On trips there are always some specialties I don’t have time to try and passing them on the last day en route to the airport I feel the sting of a million tiny heartbreaks. I promise to myself or whoever is by my side that I will be back for those things but so often that has not been true. Most places I’ve been to I’ve been to only once and there’s so much more to see before returning anywhere. I enjoyed my time in Istanbul and there’s so much left there for me to experience before I can really understand a city so complex and different. But the next one will be somewhere else. I can only hope that one day I will have a specific reason to return.I’d know right where to go, too. I’d hop on a ferry and cross over to Asia and I’d spend another day in Kadıköy Market. I would come hungry too. No hotel-adjacent börek for breakfast. No hotel pizza the night before. I’d get a bit of everything that looked good and save the rest in a bag or box that I would bring with me in my purse. I’d eat the leftovers later or bring them home with me in check-in if not perishable. Or I’d suck it up and get full. Very full.
I’d try many of the desserts and snacks I ended up passing on because they seemed too similar to something I’ve had before. I’d stop at a tatlı lokma stand and ask for a bowlful of the deep-fried dough balls soaked in honey and sprinkled with crushed pistachios. I suspect they’d be crispy and sticky sweet, yet airy and light inside. I’d also get honey in its many other forms, including a bowl of Turkish yogurt topped with honey and nuts.
I’d try more types of baklava, cevizli with walnuts and fistikli with pistachios. I’d try the bright green logs of ground pistachio wrapped in a thin phyllo shell called fistikli dürüm. I’d also get a vişneli baklava with sour cherries and a plump round kestaneli baklava with candied chestnut inside. I’d try the cheesy and honey-soaked künefe with a side of freshly clotted cream.
I’d also go for a big old bowl of revani, a kind of pound cake I encountered on several occasions. It’s made with semolina flour and ground almonds, which gives it a grainy, cornmeal-type texture. It’s soaked in honey or orange blossom flavored syrup and served with a scoop of ice cream or sweet cheese.
I’d also get kaymakli kayisi, or dried apricots soaked in syrup, stuffed with clotted cream and rolled in ground pistachios. Maybe I’d get a whole sleeve of those.
If I were there for longer I’d make my own sarma by buying the grape leaves at a market and rolling them myself. It just seems like it would feel rewarding to take a few sheets of the salted leaves and put them in a plastic bag, wash them out in a kitchen at home, stuff them and line them up on a tray to serve. I’d get them from out front a pickle shop called a turşucu and I’d also get jars of pickle and şalgam suyu to take home with me.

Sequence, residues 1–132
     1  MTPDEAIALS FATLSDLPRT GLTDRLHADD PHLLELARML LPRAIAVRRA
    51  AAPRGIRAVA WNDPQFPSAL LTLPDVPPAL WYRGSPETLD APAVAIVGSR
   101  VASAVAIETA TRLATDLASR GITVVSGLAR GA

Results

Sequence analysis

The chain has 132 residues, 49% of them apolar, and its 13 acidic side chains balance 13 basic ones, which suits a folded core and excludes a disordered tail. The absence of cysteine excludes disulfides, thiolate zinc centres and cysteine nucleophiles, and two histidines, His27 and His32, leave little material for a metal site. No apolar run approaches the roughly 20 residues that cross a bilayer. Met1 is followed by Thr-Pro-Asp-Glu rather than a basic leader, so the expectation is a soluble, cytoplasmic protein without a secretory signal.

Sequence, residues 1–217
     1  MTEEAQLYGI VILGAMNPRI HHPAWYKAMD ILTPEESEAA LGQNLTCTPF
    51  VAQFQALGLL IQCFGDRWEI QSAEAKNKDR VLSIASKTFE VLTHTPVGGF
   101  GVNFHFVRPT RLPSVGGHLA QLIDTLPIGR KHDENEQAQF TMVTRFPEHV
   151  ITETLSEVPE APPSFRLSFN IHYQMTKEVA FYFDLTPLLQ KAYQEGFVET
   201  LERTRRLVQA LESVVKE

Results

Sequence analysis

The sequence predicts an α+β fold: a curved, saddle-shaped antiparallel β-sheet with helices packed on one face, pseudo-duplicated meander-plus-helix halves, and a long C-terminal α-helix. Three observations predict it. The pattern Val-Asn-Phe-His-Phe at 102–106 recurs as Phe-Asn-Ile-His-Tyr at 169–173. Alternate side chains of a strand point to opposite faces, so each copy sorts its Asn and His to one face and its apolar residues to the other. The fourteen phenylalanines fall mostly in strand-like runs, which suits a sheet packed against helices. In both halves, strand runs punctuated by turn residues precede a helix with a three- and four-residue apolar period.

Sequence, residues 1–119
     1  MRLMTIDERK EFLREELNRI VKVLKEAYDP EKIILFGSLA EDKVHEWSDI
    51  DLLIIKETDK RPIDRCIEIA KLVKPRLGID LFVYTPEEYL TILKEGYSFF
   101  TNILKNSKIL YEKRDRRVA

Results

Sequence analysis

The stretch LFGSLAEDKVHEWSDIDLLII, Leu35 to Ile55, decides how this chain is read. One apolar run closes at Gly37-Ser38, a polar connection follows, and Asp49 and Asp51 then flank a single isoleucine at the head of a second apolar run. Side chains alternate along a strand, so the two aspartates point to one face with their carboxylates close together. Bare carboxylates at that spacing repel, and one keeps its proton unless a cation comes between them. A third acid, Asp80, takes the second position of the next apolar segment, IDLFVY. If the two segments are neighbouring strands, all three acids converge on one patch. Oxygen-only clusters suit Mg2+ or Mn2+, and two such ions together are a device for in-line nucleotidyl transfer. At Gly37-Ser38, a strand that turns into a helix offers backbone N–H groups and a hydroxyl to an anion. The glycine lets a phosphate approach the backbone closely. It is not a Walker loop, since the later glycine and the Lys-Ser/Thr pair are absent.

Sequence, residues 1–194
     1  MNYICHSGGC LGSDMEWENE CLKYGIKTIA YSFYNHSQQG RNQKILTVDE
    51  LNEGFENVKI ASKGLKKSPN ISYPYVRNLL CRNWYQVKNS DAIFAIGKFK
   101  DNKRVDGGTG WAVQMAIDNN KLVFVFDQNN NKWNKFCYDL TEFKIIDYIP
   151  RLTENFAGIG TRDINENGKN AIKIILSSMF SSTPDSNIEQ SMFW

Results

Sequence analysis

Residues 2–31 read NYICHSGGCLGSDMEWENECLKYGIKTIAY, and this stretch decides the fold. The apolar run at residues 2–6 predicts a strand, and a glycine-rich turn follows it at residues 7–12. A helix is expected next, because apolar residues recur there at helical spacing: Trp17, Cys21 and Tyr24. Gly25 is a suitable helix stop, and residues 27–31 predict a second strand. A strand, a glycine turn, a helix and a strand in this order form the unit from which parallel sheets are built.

I’d also get istiridye mantarı, which my friend pointed out were her favorite mushrooms. They happen to be my favorite mushrooms too, although I grew up knowing them as laska gomba in Hungarian. My mother would make a soup with them, that she would season with lemon and a tiny bit of cream. They are angelically soft and become super tender, melting like butter from the heat of the broth.
I’d also try the fish whose bright red gills loudly boast freshness and whose plump little bodies would make for perfect individual meals. Perhaps I would make my own balık ekmek and perhaps I’d even add the sauce I missed before.
I’d enter more pastry shops and get one of everything. I’d try the syrup-soaked cakes and the different types of bread. I’d get a sesame simit, the skinny Turkish bagel. I’d get a mound of ayva tatlısı, the neon red candied quince with a side of clotted cream and pistachios. I’d eat more börek in all of its forms. I’d get su börek layered and baked with feta cheese and parsley every day. At this shop I’d get one of Yanya’s house böreks, a torpedo-shaped sigara böreği filled with spinach, herbs and feta. It’s 22 lira per kilo, so maybe I’d get two.
And I’d sure as hell get one of those devastatingly creamy and sweet looking kazandibi that my Turkish friend pointed out were her favorite dessert in the market. I could tell from her expression that this is a deeply sentimental thing, like grandma’s rice pudding or a festive apple pie. The name means something like “the bottom of the pan” and it resembles a kind of crème brûlée with a pillow-soft interior. They look like plump and soft rolls of custard. I suspect they feel like pudding on the tongue, eggy and thick but light in consistency. I’d leave this for a special occasion and share it. Or perhaps I’d have it when I’m hungry for breakfast with coffee.